Transition Culture

An Evolving Exploration into the Head, Heart and Hands of Energy Descent

Transition Culture has moved

I no longer blog on this site. You can now find me, my general blogs, and the work I am doing researching my forthcoming book on imagination, on my new blog.

26 May 2006

The Power of Community Premieres in Totnes.

cubadvdLast night around 95 people attended the UK premiere of the Community Solution’s film ‘The Power of Community’ at the Totnes Methodist Hall. The film explores what happened to Cuba when their oil supply disappeared, almost overnight, with the collapse of the Soviet Union in 1989. It looks at the positive way in people responded and relocalised many aspects of their lives. At last, a peak oil film which is also positive and inspirational. The film was very well received, and the group discussion afterwards was lively and very positive about the film. The discussion touched on some of the following points;

* Cuba has a very different climate to the UK and feeding people there is much more possible
* Relocalisation here will lead to the discovery of lots of fruit and vegetable varieties that we have forgotten about the grow here very well.
* Why did Cuba not explore large scale alcohol production from its sugar cane? (I don’t know the answer to this one…)
* How wonderful it was to see a positive peak oil film!
* What will the role of local Government be in a future of enforced localisation?
* The need for the planning system to recognise the need for people to reinhabit the countryside in sustainable and productive ways.
* How impressive it was that Cuba, even when things got very tough, still prioritised funding for health and education
* The relevance of the experience of the Second World War in the UK, where 10% of the national diet was grown on allotments. * The point was made that at that time, most of the nation’s resources were directed outwards to fighting a war, whereas if they were focused inwards, it would be very different in terms of what were possible.
* The need for productive land use to become a core principle of the planning system.
* The need to begin withdrawing support from multinationals and supporting local businesses.

There were many more, but as I was chairing it I was unable to take notes, so these are just off the top of my head. My deepest thanks to the folks at Community Solution for allowing us to call it the official UK premiere, and for making such a powerful and inspirational film, and also to Schumacher College for kindly lending us their projector.


This screening was the first in a series of three films called **3 Films About the Impending Energy Transition That You Really Shouldn’t Miss…**. The other two are **The End of Suburbia** which will be shown at 8pm at Bogan House, High Street, Totnes, on Friday 9th June, and **Peak Oil – imposed by nature** followed by a talk by Rob Hopkins on relocalisation, at 8pm at Birdwood House, High Street, Totnes on Friday 16th June. Come along!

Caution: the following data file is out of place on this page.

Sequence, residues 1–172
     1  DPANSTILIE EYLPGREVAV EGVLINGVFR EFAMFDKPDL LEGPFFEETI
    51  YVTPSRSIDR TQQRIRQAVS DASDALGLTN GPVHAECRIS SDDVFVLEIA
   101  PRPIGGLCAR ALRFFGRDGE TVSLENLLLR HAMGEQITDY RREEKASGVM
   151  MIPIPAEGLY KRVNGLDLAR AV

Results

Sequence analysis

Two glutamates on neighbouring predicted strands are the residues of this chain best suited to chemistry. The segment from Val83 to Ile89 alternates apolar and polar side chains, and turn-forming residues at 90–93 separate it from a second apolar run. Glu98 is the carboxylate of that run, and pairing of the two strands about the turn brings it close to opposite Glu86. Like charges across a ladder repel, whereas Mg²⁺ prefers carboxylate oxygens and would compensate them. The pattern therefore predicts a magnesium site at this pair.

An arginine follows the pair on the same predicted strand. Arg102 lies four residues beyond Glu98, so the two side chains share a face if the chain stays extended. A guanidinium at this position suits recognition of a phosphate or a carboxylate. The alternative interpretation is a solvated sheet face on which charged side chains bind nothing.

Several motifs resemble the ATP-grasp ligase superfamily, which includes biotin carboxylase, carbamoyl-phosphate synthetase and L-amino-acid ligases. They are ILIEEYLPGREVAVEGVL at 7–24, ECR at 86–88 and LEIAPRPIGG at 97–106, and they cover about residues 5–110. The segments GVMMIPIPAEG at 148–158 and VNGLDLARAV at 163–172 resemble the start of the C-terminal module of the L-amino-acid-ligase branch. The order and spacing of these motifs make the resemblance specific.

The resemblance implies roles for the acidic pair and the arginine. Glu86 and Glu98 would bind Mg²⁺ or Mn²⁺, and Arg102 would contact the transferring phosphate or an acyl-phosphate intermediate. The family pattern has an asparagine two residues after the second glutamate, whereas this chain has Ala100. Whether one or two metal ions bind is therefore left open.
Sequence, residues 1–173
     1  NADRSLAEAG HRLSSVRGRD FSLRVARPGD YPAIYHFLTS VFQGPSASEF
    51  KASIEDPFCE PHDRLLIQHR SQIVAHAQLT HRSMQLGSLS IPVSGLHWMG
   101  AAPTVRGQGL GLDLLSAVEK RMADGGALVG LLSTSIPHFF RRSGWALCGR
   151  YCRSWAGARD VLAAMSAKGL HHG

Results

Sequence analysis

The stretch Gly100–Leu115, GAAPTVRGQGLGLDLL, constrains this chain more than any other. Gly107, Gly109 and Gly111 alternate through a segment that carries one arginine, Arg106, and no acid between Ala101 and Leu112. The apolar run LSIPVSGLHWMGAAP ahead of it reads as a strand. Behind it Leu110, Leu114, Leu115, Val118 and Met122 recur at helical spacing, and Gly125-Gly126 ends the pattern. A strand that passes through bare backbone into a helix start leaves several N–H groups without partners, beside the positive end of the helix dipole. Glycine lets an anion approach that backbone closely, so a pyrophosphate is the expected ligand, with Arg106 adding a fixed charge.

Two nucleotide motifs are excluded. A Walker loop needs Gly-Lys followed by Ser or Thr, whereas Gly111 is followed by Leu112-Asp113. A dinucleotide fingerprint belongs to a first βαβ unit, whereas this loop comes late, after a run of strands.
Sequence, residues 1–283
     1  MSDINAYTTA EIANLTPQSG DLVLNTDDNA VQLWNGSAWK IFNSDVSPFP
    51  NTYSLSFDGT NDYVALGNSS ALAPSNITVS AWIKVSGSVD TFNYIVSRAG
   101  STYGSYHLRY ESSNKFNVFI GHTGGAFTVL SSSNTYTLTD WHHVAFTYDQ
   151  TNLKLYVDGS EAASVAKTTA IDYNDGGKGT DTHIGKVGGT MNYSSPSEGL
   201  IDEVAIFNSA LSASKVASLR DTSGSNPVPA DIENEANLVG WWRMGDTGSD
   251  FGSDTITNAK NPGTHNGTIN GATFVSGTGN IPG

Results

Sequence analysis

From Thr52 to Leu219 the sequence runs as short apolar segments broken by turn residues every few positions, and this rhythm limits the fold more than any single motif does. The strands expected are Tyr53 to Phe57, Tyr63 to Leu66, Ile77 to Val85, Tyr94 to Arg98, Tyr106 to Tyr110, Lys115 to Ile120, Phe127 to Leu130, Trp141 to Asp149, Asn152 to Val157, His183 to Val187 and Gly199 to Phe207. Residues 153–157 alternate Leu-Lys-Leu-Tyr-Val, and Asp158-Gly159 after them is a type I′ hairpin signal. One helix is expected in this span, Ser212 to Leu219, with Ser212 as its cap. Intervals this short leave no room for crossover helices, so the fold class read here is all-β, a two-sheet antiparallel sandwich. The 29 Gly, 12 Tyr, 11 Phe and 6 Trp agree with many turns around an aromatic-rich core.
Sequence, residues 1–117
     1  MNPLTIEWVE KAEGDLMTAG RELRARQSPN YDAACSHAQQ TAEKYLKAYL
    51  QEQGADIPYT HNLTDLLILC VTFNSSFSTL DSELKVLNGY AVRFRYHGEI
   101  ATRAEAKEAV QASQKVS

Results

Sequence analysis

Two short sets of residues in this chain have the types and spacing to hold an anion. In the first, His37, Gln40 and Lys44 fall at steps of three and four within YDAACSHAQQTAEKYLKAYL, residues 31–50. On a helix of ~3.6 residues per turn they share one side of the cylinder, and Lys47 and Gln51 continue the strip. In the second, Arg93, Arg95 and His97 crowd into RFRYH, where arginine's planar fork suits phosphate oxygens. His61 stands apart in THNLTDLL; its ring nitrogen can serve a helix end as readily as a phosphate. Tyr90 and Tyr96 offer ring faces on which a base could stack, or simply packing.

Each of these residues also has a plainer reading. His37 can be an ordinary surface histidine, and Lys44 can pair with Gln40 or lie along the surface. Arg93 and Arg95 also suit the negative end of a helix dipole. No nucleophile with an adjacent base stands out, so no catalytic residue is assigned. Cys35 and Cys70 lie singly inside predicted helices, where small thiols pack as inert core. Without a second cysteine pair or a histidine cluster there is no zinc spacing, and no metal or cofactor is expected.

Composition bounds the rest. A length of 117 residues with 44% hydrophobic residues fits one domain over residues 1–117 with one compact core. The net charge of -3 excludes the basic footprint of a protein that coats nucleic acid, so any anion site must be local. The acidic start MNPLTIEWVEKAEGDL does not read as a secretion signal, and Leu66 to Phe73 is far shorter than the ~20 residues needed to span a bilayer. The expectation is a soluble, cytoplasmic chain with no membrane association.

Categories: General

Comments are now closed on this site, please visit Rob Hopkins' blog at Transition Network to read new posts and take part in discussions.


26 May 8:44am

Sounds engaging and useful Rob, thanks for the tip. And also perhaps links up with the Fuelling the Future dvds, which I just watched – another excellent piece of ’empowering response to peak energy issues’.

Cuba impresses for various reasons in this way, especially the swift re-establishment of relocalised, effective, organic agriculture at appropriate scales. I think their per capita yields are now up to 90% of the pre-Special Period levels, but with just a tiny fraction of the energy inputs. That’s highly relevant – and dependent not so much on the centralist government structure’s command economy model, as on the creativity, dynamism, focus and freed up decision making of communities at their own levels.

How important (as we and others stupidly lurch towards the nuclear precipice) was the Cuban decision to use the remaining dribbles of oil they did have access to, as a primary fuel for electricity generation?

Cuban Patriot
26 May 12:55pm

Do you realize that the vast majority of the Cubans are cooking with wood fired stoves; lighting their houses with candles; and they have no air-conditioning and only get electricity four hours a day so that they can keep their refrigerators cold enough so their foods won’t spoil?

26 May 4:09pm

It’s important to note that Cuba started at a relatively low oil consumption rate and decreased it. Their only real concern was farming, since transportation and infrastructure had been ravaged by embargos for sometime. It’s kind of ironic, actually, that the sanctions against Cuba may have strengthened it to survive a global fuel shortage, while the US is left rather vulnerable.

Over here in the colonies, it’s hard to get people to accept the idea that maybe we have something to learn from Cuba.

29 May 12:56am

When you have a benevolent dictator it is possible to make decisions like Cuba (Castro) has done but under the Oligarchy we have (both in Britain and here in Australia) you cannot get the land reforms in place because that are needed for this to occur .The decision makers (those that give the information to the majority of the population) have too much to lose
In my opinion we need to form into small groups who are dedicated to a co-operative system (rather than the competitive system we have in place) so that we can work outside of the system, as much as we are able.
The move Castro made when he imported one million bicycles from China helped quite a bit as an alternative to the oil use for transportation
Castro’s friendship with Chavez (Venezuala) is having an effect on the American dream too